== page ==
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Opium Poppy

The Golden Crescent is the large swathe of land that traces the contours of Afghanistan’s borders with Iran and Pakistan. The “golden” tint of the Crescent does not refer to the natural wealth of the lands or the rich cultures that inhabit them. The only gold in the region is the fortune acquired from the cultivation of opium and the exportation of its deadly derivative, heroin.

Moderate opium consumption has been an Afghan tradition for several millennia. Exportation of heroin, however, is an entirely modern development, springing from the political turmoil of the Cold War era. The 1973 coup that deposed Afghanistan’s monarch also plunged the country into chaos for the next three decades. Civil war erupted in 1978, triggering the punishing Soviet intervention of 1979-89. In the midst of the wars ravaging Afghanistan, the heroin trade flourished. The Soviet practice of mining irrigation ditches and fruit groves forced Afghan farmers to rely on crops requiring less water and yielding a quick return.

At the time of the Soviet withdrawal, annual opium production stood at 1,200 metric tons. When the Taliban seized power in 1996, opium production had reached 2,200 metric tons. The soaring amounts of heroin brought increased international pressure on Afghanistan, leading the Taliban to ban opium cultivation in 2000. By destroying opium fields and intimidating farmers, the Taliban reduced the 2001 harvest to only 200 metric tons, a 17-year low.

Two factors led to the resurgence of opium production in recent years. First, the steep reduction in opium supply sent prices soaring, increasing the plant’s allure to poor farmers. Second, in the shadow of the 9/11 attacks and an impending American invasion, Afghan farmers recognized that the Taliban would soon lose their ability to enforce the opium ban. Farmers turned to opium in unprecedented numbers.1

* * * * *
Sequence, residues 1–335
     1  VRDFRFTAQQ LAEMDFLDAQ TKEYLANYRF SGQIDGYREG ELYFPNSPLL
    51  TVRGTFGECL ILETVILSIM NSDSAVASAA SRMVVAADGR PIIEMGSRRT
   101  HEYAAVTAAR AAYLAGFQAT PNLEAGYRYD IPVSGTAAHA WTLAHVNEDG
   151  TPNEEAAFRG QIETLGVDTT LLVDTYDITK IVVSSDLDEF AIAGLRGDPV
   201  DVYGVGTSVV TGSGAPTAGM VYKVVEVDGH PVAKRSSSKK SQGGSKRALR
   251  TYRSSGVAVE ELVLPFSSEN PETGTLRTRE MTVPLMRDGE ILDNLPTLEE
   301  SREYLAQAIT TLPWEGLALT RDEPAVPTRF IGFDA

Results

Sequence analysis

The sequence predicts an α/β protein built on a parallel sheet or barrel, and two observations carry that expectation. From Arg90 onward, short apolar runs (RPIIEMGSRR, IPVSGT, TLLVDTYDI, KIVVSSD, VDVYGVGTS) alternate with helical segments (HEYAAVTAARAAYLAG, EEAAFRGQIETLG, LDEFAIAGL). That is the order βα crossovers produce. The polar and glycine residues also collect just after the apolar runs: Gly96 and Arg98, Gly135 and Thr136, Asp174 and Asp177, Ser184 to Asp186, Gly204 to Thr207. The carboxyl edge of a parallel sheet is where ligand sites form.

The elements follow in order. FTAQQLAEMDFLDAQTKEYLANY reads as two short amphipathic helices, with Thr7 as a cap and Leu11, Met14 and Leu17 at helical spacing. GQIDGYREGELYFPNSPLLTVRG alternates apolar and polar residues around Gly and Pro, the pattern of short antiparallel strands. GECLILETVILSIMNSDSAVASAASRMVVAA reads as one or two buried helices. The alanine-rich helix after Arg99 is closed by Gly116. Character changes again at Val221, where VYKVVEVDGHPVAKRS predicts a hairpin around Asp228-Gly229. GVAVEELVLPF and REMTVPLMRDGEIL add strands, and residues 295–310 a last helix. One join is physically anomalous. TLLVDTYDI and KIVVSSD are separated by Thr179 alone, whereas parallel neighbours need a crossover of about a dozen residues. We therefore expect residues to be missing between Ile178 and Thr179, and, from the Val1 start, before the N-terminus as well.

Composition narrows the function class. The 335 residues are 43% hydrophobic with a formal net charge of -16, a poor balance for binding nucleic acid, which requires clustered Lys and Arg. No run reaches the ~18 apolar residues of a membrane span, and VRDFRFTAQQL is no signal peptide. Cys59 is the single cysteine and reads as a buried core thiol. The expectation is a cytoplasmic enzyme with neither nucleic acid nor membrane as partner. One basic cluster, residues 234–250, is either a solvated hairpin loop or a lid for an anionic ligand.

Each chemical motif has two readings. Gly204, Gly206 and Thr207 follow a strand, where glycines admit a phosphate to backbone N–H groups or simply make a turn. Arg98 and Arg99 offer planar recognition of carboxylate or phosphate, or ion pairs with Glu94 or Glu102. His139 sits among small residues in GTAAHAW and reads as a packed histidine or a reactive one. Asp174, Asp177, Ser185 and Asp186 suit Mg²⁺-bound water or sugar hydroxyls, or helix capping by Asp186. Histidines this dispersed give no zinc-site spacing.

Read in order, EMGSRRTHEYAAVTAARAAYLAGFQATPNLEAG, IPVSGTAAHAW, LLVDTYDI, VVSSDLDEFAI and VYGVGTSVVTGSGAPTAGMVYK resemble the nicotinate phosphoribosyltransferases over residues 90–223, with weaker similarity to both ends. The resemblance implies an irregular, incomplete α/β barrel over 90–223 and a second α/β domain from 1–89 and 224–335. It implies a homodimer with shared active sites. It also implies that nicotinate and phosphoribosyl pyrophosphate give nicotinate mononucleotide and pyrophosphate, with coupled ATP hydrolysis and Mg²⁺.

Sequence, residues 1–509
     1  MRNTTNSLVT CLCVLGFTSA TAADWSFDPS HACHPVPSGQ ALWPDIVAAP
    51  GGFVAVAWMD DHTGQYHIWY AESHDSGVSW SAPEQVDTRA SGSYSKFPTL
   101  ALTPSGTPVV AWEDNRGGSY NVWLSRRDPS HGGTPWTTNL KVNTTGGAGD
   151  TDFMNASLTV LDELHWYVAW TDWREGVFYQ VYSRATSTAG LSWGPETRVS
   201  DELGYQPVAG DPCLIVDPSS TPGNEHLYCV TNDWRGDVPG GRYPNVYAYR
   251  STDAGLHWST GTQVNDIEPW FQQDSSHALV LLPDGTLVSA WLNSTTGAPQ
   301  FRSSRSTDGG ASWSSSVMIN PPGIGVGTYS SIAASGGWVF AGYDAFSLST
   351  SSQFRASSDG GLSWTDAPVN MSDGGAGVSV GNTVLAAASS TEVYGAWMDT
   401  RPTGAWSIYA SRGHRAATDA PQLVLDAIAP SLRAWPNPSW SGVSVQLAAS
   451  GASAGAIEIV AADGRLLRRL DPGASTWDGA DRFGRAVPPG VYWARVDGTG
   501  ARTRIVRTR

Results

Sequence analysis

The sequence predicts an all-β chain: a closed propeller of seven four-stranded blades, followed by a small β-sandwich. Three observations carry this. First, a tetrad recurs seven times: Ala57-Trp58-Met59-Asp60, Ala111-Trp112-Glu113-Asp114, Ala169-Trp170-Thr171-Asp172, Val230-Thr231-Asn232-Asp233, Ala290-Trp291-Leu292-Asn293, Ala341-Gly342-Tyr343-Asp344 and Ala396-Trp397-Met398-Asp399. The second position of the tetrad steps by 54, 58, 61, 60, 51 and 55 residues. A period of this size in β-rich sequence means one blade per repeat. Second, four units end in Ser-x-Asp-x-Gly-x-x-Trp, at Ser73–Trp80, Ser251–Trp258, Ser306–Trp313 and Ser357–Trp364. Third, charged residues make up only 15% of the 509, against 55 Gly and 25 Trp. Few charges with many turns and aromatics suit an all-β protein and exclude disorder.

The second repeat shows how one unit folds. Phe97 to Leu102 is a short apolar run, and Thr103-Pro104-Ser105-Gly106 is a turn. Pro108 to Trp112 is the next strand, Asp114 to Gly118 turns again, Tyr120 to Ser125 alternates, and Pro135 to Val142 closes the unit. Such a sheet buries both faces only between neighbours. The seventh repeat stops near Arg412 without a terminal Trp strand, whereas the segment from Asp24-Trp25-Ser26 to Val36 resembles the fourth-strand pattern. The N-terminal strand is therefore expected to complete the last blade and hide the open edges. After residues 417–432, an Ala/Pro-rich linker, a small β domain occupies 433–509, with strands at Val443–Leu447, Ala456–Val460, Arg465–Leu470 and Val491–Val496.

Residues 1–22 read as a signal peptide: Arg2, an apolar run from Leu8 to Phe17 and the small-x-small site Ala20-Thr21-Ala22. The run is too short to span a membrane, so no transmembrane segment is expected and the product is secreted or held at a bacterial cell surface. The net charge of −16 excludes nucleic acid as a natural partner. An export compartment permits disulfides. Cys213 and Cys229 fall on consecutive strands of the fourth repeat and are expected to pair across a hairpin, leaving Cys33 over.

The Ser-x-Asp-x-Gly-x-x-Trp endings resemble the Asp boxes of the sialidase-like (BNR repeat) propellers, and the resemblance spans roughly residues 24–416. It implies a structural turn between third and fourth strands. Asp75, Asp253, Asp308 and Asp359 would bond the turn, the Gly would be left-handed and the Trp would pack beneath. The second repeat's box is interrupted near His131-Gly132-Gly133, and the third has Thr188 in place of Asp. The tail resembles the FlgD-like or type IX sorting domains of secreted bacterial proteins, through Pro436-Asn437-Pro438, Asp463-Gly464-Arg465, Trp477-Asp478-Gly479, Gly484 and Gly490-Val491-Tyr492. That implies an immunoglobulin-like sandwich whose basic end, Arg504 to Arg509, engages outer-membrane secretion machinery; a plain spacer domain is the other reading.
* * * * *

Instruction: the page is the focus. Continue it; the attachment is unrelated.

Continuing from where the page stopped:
Coming to power on the heels of the Taliban, Hamid Karzai outlawed the production and trafficking of opium. Though Karzai’s government has made elimination of the drug economy a top priority, Afghanistan currently bears the unenviable title of the world’s largest exporter of heroin.

In November 2004, the United Nations Office on Drugs and Crime (UNODC) published an exhaustive survey documenting the daunting scope of the Afghan drug trade.2 While opium cultivation exists in all 34 provinces, it is concentrated in the country’s periphery: Badakhshan province in the north, Nangarhar in the east, and Helmand and Kandahar in the south. Production is also on the rise. An estimated 356,000 families are involved in opium farming, a 35% increase above the 2003 level. Total land area under cultivation rose sharply from 80,000 hectares in 2003 to 131,000 hectares in 2004, a 64% increase. While actual opium production increased by only 17%, the disproportionate increase resulted from crop disease and drought rather than counter narcotics operations. The 4,600 metric tons of opium produced by Afghanistan in 2004 equaled the entire world supply of opium in 2003. This should come as no surprise, as Afghanistan currently produces 87% of the world’s opium, 10% of the United States’ heroin, and 95% of Europe’s heroin.

The path by which Afghan heroin travels to Western Europe is long and treacherous, promising both great perils and great rewards for those who embark on it. Rural Afghan farmers collect the resin secreted by the opium poppy at the end of its three-month life cycle. This resin is sold to refineries in Afghanistan and Pakistan where it is processed into heroin. Traffickers carry the heroin through neighboring Central Asian states to the north of Afghanistan. Organized crime syndicates in Central Asia and Russia transport the heroin to Eastern European states such as Poland, and local dealers transfer the drug to buyers in affluent Western European states such as France, Germany, the Netherlands, and the United Kingdom. With a single gram fetching a price of $150 on the streets of London, heroin makes for an expensive pastime. The true costs of the international heroin trade, however, far exceed the dent made in addicts’ pocketbooks.3

While few Afghans actually use heroin, the allocation of a large portion of the country’s resources to the illicit drug trade has shackled Afghanistan’s economy and political culture to the will of parties, with a vested interest in a destabilized state. The United Nations Office on Drugs and Crime places the value of the 2004 opium export crop at $2.8 billion, equivalent to 60% of Afghanistan’s 2003 gross domestic product. These revenues fuel the war machines of local strongmen. As these warlords gain power, networks of arms dealers and corrupt government officials arise in a symbiotic relationship, each feeding off the chaos perpetuated by the other. The inevitable result is a self-sustaining cycle of instability and violence, all financed by euros, pounds, and dollars.